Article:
Old teacher called today


New Member
My oldest difficult children teacher from last year called today. We had a bunch of problems with new administration this year and a bunch of faculty left and we transferred our kids to a new school. He was one to leave. I have always loved this guy, he taught my oldest easy child too. He is very involved with the kids, goes to their games outside of school when invited, gives them hugs every day as they leave. He has always seemed so great.

Well he called today to wish all the boys a great new school year this year and I filled him in on the new diagnosis for my oldest difficult child. His reply was, ya, I kinda thought he was showing signs of that. WHAT?!?!? Why didn't he say something? I considered us close, even friends. We communicated via personal email often. He is about 60-65 yrs old, his wife has cancer and his youngest is a senior this year. We talk about all kinds of stuff and when administration went south he would share his feelings about things without crossing any lines with his job. But when it comes to my son he didn't tell me he saw aspergers?

Before I came to this forum all I knew of aspergers was what I'd seen on Boston Legal. If he knew my son and seemed to want to help him, why wouldn't he tell me his thoughts?

I wish there were a way to get this into teachers heads. I wonder if there are doctors who would come speak to teachers at a school? I'm just amazed at how little they know and if our PE coaches, Art Teacher, Music Teacher, Librarian and classroom teachers all met up with our Special Education teachers, I think more kids would be diagnosed properly and earlier. Why wouldn't they want to diagnose them and get them the help they need? Especially the regular classroom teachers who are dealing with all the behavioral problems. Their day would be so much better if they just knew the best way to deal with different diagnosis.

I'm just so flusterd, I don't know, upset, confused, frustrated.


New Member
He may not have able to tell you. I volunteered at the local elementary school for 2 third grade classes. There was one little girl who seemed to be on the spectrum. I talked to the teacher about her. The teacher agreed but said she was not allowed to say anything unless the parent specifically asked. This was a State law, not just a school district rule. So, her hands were tied. Since I volunteered, mine weren't and I did talk to the mother. The girl is now getting some interventions in the fifth grade and the mother looks a little less tense.


Former desparate mom
Allstressedout, who can diagnose is strictly limited. There is a reason for it. Autistic spectrum disorders is a neurobiological diagnosis that exhibits itself in some learning disabilities and some behaviors. Teachers background is teaching and not medicine. They overlap but it's not a teachers perogative to diagnose your child.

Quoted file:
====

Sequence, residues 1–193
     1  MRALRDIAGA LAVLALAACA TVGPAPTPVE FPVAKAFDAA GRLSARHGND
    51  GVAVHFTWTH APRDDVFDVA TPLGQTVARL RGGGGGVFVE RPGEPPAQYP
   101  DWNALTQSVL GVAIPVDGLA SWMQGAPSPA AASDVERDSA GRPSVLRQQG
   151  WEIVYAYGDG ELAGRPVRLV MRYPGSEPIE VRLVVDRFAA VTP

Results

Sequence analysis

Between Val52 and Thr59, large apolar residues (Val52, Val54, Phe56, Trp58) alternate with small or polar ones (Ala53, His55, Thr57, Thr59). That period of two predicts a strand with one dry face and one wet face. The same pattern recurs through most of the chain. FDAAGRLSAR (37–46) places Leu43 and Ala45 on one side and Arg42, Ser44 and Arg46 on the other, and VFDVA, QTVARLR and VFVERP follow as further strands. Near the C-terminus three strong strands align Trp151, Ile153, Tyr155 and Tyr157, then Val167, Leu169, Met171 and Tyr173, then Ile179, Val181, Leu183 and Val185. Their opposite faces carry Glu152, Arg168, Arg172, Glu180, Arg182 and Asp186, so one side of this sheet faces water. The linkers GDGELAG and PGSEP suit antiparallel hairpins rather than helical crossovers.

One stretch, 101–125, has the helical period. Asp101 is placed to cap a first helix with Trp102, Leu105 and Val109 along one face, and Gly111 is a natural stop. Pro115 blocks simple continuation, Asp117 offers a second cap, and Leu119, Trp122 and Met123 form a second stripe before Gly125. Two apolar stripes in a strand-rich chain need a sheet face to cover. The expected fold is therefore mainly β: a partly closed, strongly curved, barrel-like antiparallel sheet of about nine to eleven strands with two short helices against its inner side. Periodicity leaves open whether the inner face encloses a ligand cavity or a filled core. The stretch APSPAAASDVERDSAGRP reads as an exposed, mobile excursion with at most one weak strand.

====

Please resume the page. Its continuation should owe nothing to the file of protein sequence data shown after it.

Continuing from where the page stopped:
However, he could have asked you if you had read such and such an article or sent you in the right direction.

I'm pretty particular about who gives my kid a diagnosis. It is all such subjective symptoms that differ from each child in severity that it would be easy for anyone to misdiagnose.
Your teachers are a great resource for Learning Disability (LD)'s, behavior modifications, observations and feedback.


Active Member
I do feel a teacher should be free to say something like, "I'm concerned for your child, I'm wondering if you've ever had him assessed fro X."

I do know that with difficult child 3, his teachers were VERY free in sharing with me their own concerns and recommendations for this or that. They were clear that they could not diagnoses, but they did ask me to consider having it checked out.

When difficult child 3 was in Year 5 and diagnosed initially with anxiety, his teacher insisted the problem was physical and was angry with doctors who wouldn't consider such a possibility. So for six months we searched and talked to doctors until finally one said, "We've ruled out every possible physical cause. NOW will you accept that anxiety can be this bad?" Mind you, that teacher was a major factor in difficult child 3's anxiety and would never accept that she was handling him the wrong way. her way of dealing with 'professionals' who came into HER classroom and told her what to do, was to ban all future professionals. While parents could go over her head to the District Office, most were afraid to because they didn't want their child victimised as a result of their insistence.